Covid-19 Vaccine: Do's & Don'ts After Getting Vaccinated
The Covid-19 vaccine is reaching more and more people in Malaysia but as non-frontliners, we still have some ways to go before we receive our Covid-19 vaccination. This has given us ample time to ponder over the questions about the efficacy and safety of the vaccines, and how it will change our lives thereafter–granted, since this is all still very new.
Does getting vaccinated grant us full immunity? Will it finally allow us to travel freely? Can we exchange virtual hugs for real hugs? Here are some things you can and can’t do after getting your final Covid-19 shot.
Can I stop wearing a mask?
While the Covid-19 vaccines from Pfizer-BioNTech and Moderna seem to be remarkably good at preventing serious illness, there's not enough evidence to show that any of the existing Covid-19 vaccines can completely stop people from being infected. This means vaccinated people can become silent spreaders of the virus and put unvaccinated people at risk.
According to the Centers for Disease Control and Prevention (CDC) guidelines, once you’re fully vaccinated, you’re free to visit other fully vaccinated people indoors without wearing masks or physical distancing. However, if you’re fully vaccinated and you go to another single household that has unvaccinated people, you can be unmasked but they have to be masked.
Our take? Don’t risk it. Mask up anyway, especially when you’re out and about in a mixed crowd or among unvaccinated people, keeping in mind that new strains of the virus also add unknowns.
Does this mean I can skip isolation, quarantine, and testing?
In short, not exactly.
Any fully vaccinated person who experiences symptoms consistent with Covid-19 should isolate themselves from others, be clinically evaluated for Covid-19, and tested for SARS-CoV-2 if necessary. The symptomatic fully vaccinated person should inform their healthcare provider of their vaccination status at the time of presentation to care.
Fully vaccinated people with no Covid-like symptoms don't need to quarantine or be tested following exposure to someone with suspected or confirmed Covid-19, as their risk of infection is low, but they should still monitor for symptoms of Covid-19 for 14 days following exposure.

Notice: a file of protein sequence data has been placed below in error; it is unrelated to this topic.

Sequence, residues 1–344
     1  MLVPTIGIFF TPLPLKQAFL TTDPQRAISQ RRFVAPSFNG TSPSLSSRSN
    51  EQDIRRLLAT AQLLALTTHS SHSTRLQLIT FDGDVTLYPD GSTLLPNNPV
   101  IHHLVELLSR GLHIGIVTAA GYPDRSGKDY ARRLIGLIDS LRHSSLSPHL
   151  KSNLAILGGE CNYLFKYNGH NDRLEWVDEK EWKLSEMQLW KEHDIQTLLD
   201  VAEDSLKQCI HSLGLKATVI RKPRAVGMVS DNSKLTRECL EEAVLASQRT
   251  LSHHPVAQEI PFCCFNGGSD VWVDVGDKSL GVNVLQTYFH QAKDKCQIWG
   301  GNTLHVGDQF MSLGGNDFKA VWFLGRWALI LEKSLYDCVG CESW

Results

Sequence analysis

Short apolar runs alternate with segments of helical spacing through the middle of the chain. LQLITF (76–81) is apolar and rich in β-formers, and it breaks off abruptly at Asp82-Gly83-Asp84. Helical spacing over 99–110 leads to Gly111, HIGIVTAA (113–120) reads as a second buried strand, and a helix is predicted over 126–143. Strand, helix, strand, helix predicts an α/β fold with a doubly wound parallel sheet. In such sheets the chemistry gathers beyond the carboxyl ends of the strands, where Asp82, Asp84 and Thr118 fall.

Will I be able to travel to another country?
While receiving the Covid-19 vaccination lowers risks of infection significantly, it doesn't necessarily mean that you're free to travel–yet. At this time, the CDC is of the opinion that increasing travel would add to the number of Covid-19 cases and pose a risk to the majority of a country's population not yet vaccinated.
"In terms of travel, here's what we know: Every time that there's a surge in travel, we have a surge in cases in this country. We know that many of our variants have emerged from international places, and we know that a travel corridor is a place where people are mixing a lot," CDC director Dr Rochelle Walensky said of the CDC's decision to not endorse travel for vaccinated Americans.
Vaccinated or not, it's best to avoid non-essential travel because it increases the risk of contracting and spreading Covid-19.
Can I freely attend gatherings and socialise with a crowd?
CDC recommends that all people, regardless of vaccination status, should adhere to current guidance to avoid medium- or large-sized in-person gatherings and to follow any applicable local guidance restricting the size of gatherings. If they choose to participate, fully vaccinated people should continue to adhere to prevention measures that reduce spread, including wearing a well-fitted mask, maintaining physical distance from others, and washing hands frequently.
Remember, vaccines are only one part of the prevention strategy so precautions should still be taken as transmission risks in these settings are higher and likely increases with the number of unvaccinated people present.